- Constant conflict – Most people feel that if they could communicate better or talk through all their issues, their relationship would be more satisfying. This is a myth. A successful relationship is more about the process of how we argue and if repair attempts are made, identified, and accepted by each partner. 69% of problems in relationships are perpetual problems. This means that only 31% of the problems encountered in a relationship can be solved. Conflict is a normal part of every relationship, however if you are left feeling misunderstood, defeated, down, and hopeless due to your conflict, it may be time to talk with someone to learn how to practice repair and effectively communicate feelings in a healthy way.
- Keeping secrets – Keeping secrets is a quick way to cause deterioration of a relationship. Feeling safe to share with one another and being honest is what builds trust in a relationship. If you find that you are fearful to open up to your partner, this is a sign that your relationship may not be stable.
- Considering an affair – This is a red flag that seems all too obvious. However, often there were previous signs that indicated issues well before this consideration took place. Feeling misunderstood by your partner and struggling to communicate these feelings effectively can at times lead people to seek out getting their needs met in other ways. Although relationships can survive emotional, sexual, and financial infidelities, it is always best to deal with these issues before they happen.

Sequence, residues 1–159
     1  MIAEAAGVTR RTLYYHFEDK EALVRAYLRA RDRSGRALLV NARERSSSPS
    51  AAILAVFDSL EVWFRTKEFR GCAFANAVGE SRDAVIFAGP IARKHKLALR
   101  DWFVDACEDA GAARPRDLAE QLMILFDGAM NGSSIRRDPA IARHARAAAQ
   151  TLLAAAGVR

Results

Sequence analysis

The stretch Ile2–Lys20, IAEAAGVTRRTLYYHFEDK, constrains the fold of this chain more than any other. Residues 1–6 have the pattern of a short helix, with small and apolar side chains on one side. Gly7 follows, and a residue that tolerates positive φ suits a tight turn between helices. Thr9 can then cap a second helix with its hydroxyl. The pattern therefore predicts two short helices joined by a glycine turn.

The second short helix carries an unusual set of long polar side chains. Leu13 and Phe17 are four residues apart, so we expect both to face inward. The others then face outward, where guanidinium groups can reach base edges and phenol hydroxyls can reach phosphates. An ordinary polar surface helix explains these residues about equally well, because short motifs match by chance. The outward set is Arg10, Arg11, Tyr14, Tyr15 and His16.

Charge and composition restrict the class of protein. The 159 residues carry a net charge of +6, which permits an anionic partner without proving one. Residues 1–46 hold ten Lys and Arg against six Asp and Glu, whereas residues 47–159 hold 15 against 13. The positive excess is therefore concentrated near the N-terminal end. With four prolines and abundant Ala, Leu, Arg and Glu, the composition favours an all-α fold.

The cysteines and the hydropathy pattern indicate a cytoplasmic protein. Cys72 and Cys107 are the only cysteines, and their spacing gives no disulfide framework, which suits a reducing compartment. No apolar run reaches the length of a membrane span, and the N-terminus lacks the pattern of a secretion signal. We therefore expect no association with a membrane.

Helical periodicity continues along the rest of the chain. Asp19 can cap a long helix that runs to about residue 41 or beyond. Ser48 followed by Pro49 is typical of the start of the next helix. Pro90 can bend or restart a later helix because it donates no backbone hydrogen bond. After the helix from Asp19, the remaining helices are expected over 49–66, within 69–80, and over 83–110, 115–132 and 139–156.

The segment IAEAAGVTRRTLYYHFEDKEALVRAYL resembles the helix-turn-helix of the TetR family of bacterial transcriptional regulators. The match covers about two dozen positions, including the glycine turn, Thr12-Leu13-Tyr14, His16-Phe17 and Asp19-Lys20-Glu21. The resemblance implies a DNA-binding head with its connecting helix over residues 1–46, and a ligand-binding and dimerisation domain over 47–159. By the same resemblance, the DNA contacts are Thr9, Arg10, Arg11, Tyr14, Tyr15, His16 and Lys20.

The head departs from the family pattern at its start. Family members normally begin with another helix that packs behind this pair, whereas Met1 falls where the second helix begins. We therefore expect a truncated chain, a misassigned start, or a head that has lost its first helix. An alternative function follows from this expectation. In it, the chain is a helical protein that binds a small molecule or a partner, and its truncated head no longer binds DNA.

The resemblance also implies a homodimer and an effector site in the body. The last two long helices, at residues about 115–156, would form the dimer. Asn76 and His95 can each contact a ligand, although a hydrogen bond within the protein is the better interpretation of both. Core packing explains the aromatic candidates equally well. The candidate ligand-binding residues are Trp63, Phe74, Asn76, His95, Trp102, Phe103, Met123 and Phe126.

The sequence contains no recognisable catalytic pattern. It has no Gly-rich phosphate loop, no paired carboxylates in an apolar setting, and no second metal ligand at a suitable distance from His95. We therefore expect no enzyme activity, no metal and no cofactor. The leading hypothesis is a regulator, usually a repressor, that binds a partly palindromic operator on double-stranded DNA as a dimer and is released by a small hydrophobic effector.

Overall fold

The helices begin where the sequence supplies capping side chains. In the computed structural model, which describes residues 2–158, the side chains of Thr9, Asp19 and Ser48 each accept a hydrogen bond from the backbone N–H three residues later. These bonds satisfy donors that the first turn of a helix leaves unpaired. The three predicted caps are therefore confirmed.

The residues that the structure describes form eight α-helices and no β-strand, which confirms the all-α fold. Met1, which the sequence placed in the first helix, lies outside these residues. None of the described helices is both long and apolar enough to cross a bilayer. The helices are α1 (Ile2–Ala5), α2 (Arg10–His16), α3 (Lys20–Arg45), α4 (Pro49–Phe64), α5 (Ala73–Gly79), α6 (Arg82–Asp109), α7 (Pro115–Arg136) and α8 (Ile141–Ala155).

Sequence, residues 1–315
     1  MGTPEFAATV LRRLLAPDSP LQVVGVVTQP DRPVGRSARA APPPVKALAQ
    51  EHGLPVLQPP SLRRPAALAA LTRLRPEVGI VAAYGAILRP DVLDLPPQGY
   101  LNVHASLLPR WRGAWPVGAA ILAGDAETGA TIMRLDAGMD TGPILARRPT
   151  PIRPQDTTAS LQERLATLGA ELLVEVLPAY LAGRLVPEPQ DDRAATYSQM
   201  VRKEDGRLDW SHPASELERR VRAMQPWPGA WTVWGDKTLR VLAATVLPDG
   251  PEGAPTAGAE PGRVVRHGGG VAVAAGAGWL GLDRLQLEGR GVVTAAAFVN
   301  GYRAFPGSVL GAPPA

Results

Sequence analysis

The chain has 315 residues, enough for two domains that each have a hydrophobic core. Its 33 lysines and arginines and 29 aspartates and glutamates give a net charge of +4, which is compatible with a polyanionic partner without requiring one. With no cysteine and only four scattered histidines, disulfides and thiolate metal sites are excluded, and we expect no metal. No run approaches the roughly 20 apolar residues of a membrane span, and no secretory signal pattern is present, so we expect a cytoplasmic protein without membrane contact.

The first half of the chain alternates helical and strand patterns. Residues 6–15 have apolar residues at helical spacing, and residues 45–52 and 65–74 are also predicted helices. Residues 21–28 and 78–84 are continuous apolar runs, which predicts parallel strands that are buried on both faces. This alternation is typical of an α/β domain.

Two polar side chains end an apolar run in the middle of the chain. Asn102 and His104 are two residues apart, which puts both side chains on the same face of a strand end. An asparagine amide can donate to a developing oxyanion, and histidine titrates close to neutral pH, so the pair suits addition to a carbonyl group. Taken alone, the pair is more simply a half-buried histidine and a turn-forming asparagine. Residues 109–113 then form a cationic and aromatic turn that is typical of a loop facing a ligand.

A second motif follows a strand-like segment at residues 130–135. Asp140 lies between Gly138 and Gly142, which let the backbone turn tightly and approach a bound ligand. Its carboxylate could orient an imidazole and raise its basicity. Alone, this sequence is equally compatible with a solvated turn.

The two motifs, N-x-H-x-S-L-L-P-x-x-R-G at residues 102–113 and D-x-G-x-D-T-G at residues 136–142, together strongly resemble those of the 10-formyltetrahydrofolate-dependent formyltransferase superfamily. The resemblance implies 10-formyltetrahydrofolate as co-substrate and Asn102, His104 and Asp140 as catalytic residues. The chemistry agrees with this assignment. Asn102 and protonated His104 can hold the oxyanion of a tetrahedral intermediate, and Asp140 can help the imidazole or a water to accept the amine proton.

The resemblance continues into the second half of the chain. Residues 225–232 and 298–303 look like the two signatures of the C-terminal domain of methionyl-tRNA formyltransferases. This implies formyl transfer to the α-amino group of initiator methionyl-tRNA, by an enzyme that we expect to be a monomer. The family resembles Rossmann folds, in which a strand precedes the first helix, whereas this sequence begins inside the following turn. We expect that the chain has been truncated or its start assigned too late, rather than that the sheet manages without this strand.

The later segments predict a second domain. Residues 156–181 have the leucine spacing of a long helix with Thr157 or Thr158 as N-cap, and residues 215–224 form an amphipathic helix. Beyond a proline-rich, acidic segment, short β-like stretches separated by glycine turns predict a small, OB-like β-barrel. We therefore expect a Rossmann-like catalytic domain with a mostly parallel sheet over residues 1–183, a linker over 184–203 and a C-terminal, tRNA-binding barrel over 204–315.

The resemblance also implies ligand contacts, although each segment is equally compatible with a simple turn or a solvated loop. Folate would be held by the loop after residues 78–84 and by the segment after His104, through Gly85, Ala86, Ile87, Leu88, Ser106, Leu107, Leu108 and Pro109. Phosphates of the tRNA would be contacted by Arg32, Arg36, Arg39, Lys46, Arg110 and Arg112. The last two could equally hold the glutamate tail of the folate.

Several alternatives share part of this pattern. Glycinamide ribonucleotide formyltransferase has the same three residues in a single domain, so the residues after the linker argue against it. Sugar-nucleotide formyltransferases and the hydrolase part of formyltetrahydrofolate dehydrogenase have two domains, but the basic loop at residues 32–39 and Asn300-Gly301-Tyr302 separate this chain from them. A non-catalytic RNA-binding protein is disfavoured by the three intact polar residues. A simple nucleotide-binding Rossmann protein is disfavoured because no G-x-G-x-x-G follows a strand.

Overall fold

- Feelings of negativity – Feeling that your partner or your overall interactions with your partner are shaped by negativity can be a difficult space to live in. Stable relationships have on average a 5:1 ratio of positive to negative interactions during conflict compared to unstable relationships with an average ratio of 0.8:1. It is important to understand why there is a need for much more positive interactions to keep relationships in a healthy place. When we experience negativity – criticism, conflict, etcetera, it is in our nature as human beings to dwell on the negative feelings that accompany this experience. It is important to manage feelings of negativity early in a relationship before it leads to the couple experiencing Negative Sentiment Override (NSO). NSO occurs when a couple experiences patterns of trust that have been broken in several areas and therefore negative attitudes develop as a result. This is often where couples begin to make assumptions about their partner and will more frequently respond based on these negative assumptions. The positive feelings once held between two partners fade while negative feelings emerge. To learn more about Negative Sentiment Override and to find out if you are experiencing NSO in your relationship, click here and take the quiz http://www.gottman.com/blog/quiz-negative-sentiment-override/
Knowing when to seek help can be crucial to a relationship. More couples need to take the approach of seeking help to enhance one’s relationship rather than to fix it. Relationships are difficult. Being more proactive rather than reactive can be the difference between a declining relationship and one that thrives.